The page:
Dear Britt,
Unlike Dragon 2, CST-100 cannot land propulsively on land.
Dragon 2 is more advanced than Boeings’ CST-100.

Unlike Dragon 2, CST-100 cannot land propulsively on land.
Dragon 2 is more advanced than Boeings’ CST-100.
Slipx’s Dragon cannot land propulsively on land

The land landing is not u ique. Boeing will land via airbag system in new mexico. Until it perfects its propulsive landing option, SpaceX will also land its Dragon 2 via parachutes on land. Only the dragon 1 was water landing dependent.

Boeing makes great spacecraft. Some observers feel that the contract may be won by the same current two providers. The price of Dragon + Falcon maybe a lot lower than Atlas + CST-100. Will Spacex be offering Dragon, a modified Dragon or Dragon 2 for CRS?

Since Boeing may use the Atlas V, will Boeing and NASA have to account that ULA is moving towards a new first stage and take that risk into consideration? I guess that would be similar for when SpaceX moved to another version of Falcon?

too bad for Boeing the RD-180 on the Atlas is Russian (and now banned by law from being purchased)….they’d better get those rd-180 replacement rockets built and tested or they’ll have to use a trampoline like the Russians said.

Your information is wrong. Rd-180 is not banned. There is an inventory on hand, new purchases planned, and an evential replacement engine in development.

Just arent happy enough are ya Boeing??? Ya already snaked the largest portion of the Commercial Crew contract, without even launching one actual spacecraft based on legacy. Now your to muscle in on the Commercial Resupply Contract. Be happy with what you have.

Boeing is bidding on the contract in accordance with nasa’s plans to have competition and system redundancy. They received the outsized share of CCtCap because they have more work to do to get an integrated launch system developed, which NASA wants for redundancy. spaceX has a headstart since Nasa funded their booster and version 1 vehicle developemnt already for the CRS 1 contract. In fairness, you have to consider the funding NASA previously provided SpaceX via contract to compare. NASA Wants two complete systems.

Is SpaceX happy with what it has? They are supplying cargo to ISS. SHOULD THEY NOT BE ALLOWED TO BID FOR CREW PROGRAM?

Really I’d like to see proof of this? Because they haven’t posted any proof of it unlike the other companies who are vying for the contracts who have provided proof of actual launchable spacecraft! Not to mention they already have the largest part of the commercial crew contract! They havent even produced a flyable spacecraft yet. SpaceX has produced the worldsfirst complete commercial rocket system and capsule in the 21st century, Gary! Boeing has also produced the rocket systems along with Lockheed, also known as United Launch Alliance the major contractor to supply launch vehicles to NASA and the military. I like Boeing don’t get me wrong but I’m sorry that’s called cronyism dude and I don’t like that if you did not provide a spacecraft prior and a proven spacecraft prior, then you should not be getting the largest part of the contract pie.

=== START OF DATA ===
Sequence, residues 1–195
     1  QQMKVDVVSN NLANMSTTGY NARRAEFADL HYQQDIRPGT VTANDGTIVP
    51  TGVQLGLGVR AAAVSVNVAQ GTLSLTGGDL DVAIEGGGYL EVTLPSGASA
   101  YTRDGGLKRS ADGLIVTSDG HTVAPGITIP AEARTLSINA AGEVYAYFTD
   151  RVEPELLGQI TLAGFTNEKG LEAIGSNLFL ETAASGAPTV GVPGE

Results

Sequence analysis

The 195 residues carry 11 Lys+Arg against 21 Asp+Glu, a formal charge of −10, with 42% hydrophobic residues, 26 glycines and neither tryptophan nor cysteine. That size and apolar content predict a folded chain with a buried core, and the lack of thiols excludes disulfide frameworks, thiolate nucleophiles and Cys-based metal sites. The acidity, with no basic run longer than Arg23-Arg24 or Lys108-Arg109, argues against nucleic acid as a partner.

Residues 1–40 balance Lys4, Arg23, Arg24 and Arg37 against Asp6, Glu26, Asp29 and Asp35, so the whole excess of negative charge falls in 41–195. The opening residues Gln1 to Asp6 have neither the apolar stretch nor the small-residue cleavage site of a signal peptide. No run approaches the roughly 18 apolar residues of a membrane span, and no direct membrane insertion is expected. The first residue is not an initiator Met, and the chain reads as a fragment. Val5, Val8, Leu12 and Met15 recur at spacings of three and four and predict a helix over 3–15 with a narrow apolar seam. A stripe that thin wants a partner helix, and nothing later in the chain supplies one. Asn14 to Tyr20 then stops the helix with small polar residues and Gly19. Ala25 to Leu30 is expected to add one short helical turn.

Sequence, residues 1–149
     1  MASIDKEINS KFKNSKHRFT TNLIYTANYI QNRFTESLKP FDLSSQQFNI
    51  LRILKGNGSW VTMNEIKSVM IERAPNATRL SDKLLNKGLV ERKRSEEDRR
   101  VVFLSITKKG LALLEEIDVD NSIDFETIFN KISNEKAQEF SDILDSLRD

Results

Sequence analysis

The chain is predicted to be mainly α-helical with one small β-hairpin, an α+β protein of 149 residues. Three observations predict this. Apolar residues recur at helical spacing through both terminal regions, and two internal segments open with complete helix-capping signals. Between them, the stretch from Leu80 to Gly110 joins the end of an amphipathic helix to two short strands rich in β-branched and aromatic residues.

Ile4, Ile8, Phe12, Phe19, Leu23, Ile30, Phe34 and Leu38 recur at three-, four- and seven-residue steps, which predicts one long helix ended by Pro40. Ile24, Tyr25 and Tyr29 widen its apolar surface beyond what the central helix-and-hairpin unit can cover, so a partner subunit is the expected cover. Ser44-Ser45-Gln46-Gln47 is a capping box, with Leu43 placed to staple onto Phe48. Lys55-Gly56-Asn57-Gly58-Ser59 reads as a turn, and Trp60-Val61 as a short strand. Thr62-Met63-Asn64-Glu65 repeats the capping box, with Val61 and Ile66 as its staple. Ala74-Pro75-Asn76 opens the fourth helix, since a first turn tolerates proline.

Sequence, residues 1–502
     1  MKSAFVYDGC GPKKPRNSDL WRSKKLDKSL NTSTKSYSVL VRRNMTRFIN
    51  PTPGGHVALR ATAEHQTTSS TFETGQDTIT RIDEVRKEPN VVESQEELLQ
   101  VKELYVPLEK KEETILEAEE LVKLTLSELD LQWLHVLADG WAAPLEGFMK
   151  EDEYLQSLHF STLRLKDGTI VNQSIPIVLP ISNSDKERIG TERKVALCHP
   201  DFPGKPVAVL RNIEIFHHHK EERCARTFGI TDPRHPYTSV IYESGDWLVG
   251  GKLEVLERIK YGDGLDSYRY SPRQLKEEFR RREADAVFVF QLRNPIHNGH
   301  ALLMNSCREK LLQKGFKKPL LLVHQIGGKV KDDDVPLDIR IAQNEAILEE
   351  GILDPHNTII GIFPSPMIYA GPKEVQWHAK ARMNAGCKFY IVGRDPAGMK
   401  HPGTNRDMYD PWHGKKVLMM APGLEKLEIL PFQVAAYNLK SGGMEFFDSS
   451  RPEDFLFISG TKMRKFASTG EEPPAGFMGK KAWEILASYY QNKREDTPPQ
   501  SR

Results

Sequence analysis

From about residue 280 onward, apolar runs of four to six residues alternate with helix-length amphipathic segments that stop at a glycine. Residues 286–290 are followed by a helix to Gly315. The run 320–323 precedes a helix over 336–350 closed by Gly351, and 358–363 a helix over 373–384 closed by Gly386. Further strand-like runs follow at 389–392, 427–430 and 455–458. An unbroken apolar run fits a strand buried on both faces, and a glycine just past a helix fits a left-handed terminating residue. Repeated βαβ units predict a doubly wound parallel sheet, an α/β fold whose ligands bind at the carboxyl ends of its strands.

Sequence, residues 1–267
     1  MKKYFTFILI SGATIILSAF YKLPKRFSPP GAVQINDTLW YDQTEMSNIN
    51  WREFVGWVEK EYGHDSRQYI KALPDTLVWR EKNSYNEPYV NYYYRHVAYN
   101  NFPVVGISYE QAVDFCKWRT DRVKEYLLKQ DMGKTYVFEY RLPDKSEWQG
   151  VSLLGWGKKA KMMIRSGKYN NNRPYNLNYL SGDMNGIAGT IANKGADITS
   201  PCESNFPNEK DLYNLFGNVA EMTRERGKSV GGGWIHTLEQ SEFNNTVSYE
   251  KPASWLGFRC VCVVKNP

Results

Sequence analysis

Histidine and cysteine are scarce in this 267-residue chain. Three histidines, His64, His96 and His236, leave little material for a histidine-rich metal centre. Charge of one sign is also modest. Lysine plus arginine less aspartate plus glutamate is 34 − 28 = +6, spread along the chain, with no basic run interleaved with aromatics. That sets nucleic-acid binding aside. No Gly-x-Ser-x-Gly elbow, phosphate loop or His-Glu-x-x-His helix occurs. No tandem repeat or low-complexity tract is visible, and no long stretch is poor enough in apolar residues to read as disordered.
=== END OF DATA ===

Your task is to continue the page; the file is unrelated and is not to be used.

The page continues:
Orbital better watch out, the advanced competition is now bidding. Boeing and SNC can return cargo which Orbital cannot. And I’m sure NASA will take this into consideration along with ground landing being a huge advantage in recovery efforts and expense.

Tom…where is the Boeing craft? Do we have anything more than models and paperwork? Or will this be another ‘legacy’ pat on the back award?

boeing is building four craft as we speak.


I think Orbital is fine. I think Orbital may be the only company offering waste disposal via re-entry.

I don’t see Boeing or Sierra Nevada beating out SpaceX or Orbital in the second cargo contract unless they alter their vehicles drastically. One of them may get a smaller award to augment the main two.

Dream chaser weighs so much more than the capsules, all that dead weight has to be launched with the cargo and paid for. Why spend launch funds for launching 10,000 pounds of dead weight?